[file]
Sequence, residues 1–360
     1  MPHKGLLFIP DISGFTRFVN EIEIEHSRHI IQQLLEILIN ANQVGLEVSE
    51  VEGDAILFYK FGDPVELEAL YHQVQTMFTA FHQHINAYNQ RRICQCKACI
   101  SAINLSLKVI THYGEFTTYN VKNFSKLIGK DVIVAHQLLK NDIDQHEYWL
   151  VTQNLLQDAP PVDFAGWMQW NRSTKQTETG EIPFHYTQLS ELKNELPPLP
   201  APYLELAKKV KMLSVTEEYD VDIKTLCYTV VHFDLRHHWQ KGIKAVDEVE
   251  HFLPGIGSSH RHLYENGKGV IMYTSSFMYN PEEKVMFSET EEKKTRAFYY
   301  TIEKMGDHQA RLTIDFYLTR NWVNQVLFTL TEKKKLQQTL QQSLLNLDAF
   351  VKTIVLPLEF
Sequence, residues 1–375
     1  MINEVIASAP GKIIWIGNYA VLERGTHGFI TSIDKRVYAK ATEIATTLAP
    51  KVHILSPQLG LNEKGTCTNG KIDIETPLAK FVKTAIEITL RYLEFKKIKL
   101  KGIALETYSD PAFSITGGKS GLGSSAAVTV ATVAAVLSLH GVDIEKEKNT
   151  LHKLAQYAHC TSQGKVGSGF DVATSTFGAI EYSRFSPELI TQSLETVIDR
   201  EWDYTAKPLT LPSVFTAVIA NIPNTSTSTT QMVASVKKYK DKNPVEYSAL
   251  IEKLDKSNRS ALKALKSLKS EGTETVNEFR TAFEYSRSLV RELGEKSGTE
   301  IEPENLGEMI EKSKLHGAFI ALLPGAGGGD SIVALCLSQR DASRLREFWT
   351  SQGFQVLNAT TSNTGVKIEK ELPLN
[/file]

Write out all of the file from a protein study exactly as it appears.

Sequence, residues 1–360
     1  MPHKGLLFIP DISGFTRFVN EIEIEHSRHI IQQLLEILIN ANQVGLEVSE
    51  VEGDAILFYK FGDPVELEAL YHQVQTMFTA FHQHINAYNQ RRICQCKACI
   101  SAINLSLKVI THYGEFTTYN VKNFSKLIGK DVIVAHQLLK NDIDQHEYWL
   151  VTQNLLQDAP PVDFAGWMQW NRSTKQTETG EIPFHYTQLS ELKNELPPLP
   201  APYLELAKKV KMLSVTEEYD VDIKTLCYTV VHFDLRHHWQ KGIKAVDEVE
   251  HFLPGIGSSH RHLYENGKGV IMYTSSFMYN PEEKVMFSET EEKKTRAFYY
   301  TIEKMGDHQA RLTIDFYLTR NWVNQVLFTL TEKKKLQQTL QQSLLNLDAF
   351  VKTIVLPLEF
Sequence, residues 1–375
     1  MINEVIASAP GKIIWIGNYA VLERGTHGFI TSIDKRVYAK ATEIATTLAP
    51  KVHILSPQLG LNEKGTCTNG KIDIETPLAK FVKTAIEITL RYLEFKKIKL
   101  KGIALETYSD PAFSITGGKS GLGSSAAVTV ATVAAVLSLH GVDIEKEKNT
   151  LHKLAQYAHC TSQGKVGSGF DVATSTFGAI EYSRFSPELI TQSLETVIDR
   201  EWDYTAKPLT LPSVFTAVIA NIPNTSTSTT QMVASVKKYK DKNPVEYSAL
   251  IEKLDKSNRS ALKALKSLKS EGTETVNEFR TAFEYSRSLV RELGEKSGTE
   301  IEPENLGEMI EKSKLHGAFI ALLPGAGGGD SIVALCLSQR DASRLREFWT
   351  SQGFQVLNAT TSNTGVKIEK ELPLN